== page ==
"ob Stillman. one of the best offensive
I nemen in the country. If there was
ny advantage at center, it was con
«—ded to Louis Robertshaw. the sailor
■ ivot, lighter but more experienced
•an Tom Clifford, his opponent
—ross the scrimmage line.
KieKing honors were considered
'iout even, with Bill Clark, Navy
'Uback, capable of matching Buck
•r's ion? boots
The Corps ol Cadets from West
nint and the regiment of Mldship
■cn from Annapolis were scheduled to
rrive here about noon for the tradi
' inal parade before the start of the
pme at 1:30 p.m. (E. S T.). The
' -ams were hidden away at opposite
des of the city. Army 30 miles south
ι New Jersey, Navy 20 miles to the
ALIEN LAW INVOKED
' "izona Injunction Issued to
Block Farming: by Foreigners.
PHOENIX. Ariz., December 1 (4>).—
V mporary injunctions were granted
} the county attorney on four alien
l~nd law civil actions here yesterday
by Superior Judge J. C. Niles.
The defendants were ordered to ap
prar December 10 to show cause why
the injunctions should not be made
rrrmanent. The State would enjoin
them from possession and cultivating
land for agricultural purposes in vio
lAtion of the Arizona law prohibiting
aliens from holding land.
Modern U. S. Standard
of Living Is Declared
BY PAUL MALI.ON.
POLITICIANS are always blow
ing about the American stand
ard of living. In fact, so are
most economists, to a lesser
These vaunters have considerably
muted their 1929 tooting about two
cars in every garage, but they still
manage to perpetuate the general idea
that the American market for modern
conveniences has been saturated. In
deed, most well-informed business men
will tell K>u now that nearly every
family has an automobile, electric
lights, a bathtub and a furnace.
That they do not know what they
are talking about is fairly well proved
by a little survey recently conducted
by New Dealers. If you dig into it
you will find that about half of the
city families (not just people, but
families) have no automobiles and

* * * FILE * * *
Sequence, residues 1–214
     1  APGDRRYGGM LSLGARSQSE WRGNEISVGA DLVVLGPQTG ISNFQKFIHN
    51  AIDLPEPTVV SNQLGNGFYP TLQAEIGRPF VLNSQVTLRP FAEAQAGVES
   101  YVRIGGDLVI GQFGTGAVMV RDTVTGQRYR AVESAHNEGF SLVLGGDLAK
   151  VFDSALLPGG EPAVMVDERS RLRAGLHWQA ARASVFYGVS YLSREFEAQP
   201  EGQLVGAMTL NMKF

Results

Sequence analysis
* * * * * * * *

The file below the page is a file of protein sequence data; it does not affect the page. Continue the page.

no furnaces, 10 per cent no electric
lights. 18 per cent no private indoor
water closets and 24 per cent no bath
tubs or showers. Furthermore, 58 per
cent have no heating stoves, 83 per
cent no mechanical refrigerators and
31 per cent no gas for cooking.
ν «>- » ^s-~.
These are not farm families or
backwoodsmrn. but representative
residents in 64 representative cities,
large and small. The figures show
conclusively that our modern
standard of living is not even thor
oughly modern; that a vast po
tential market exists and can be
invaded whenever the purchasers
get enough money.
What makes these unnoticed figures
so interesting is the fact that a cer
tain leading New York bank recently
issued an announcement that four out
of five families now have automobiles.
I.ow Percentases Found.
The New Dealers mode their survey
by dwellings, so their figures are cer
tainly conservative. (Two and more
families frequently reside In a dwell
ing.) These investigators found, for
instance, that in Birmingham only
30.7 per cent of the dwellings had au
tomobiles. Indianapolis. 53.3 per cent;
Nashua. Ν. H, 39 per cent; Water
bury. Conn., 36 4; Wheeling, 38.8;
Cleveland. 56 per cent.
You will not believe that In Bir
mingham only 66.4 per cent of the
dwellings had electric lights: Baton
Rouge, 69.9: Paducah. 68.6. (The in
vestigators contend that they did not
pay much attention to Negro districts
in the South, but they must have )
Only 6 4 per cent of the dwellings
in Paducah have mechanical re
frigerators; 9.2 in Erie. Charleston. S.
C.. and Butte. And 27 per cent of
the dwellings in wind-swept Butte
have furnaces; 33.7 per cent in
Springfield, Mo.; 41.4 per cent in
Of course, these are the astound
ingly low figures picked out from tne
list, but the national averages were
cited first ϊο you may compare them
There must be a large number
of city people who bathe in the
kitchen sink. In Charleston. S. C..
only 43 6 per cent of the dwellings
have tubs: Paducah. 4X.3: Wheel
ing. 51: Sacramento, 84 9: Cleve
land. 90 8; Birmingham. 47.5: In
dianapolis. 63 9: Knoxville, 5J.1—
just to give you a cross-section
Proper b^th room facilities were
found in 73.7 per cent of the dwell
ings in Atlanta. 97.9 per cent in Bur
lington, Vt„ 51.1 per cent in Charles
ton. S. C.: 95.5 per cent in Cleveland.
53 per cent in Frederick, Md.; 61.5
per cent in Jackson. Miss.; 70 per